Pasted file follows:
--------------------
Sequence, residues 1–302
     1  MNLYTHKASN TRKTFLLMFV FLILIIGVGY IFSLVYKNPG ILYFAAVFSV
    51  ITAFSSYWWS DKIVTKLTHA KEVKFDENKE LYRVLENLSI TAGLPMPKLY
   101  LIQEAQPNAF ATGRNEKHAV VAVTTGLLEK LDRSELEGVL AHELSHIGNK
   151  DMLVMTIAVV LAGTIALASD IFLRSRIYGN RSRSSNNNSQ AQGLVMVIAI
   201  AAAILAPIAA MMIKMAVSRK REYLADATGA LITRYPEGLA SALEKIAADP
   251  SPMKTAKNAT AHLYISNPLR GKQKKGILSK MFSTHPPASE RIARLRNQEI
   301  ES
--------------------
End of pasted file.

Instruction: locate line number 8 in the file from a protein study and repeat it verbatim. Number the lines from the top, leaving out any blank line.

   301  ES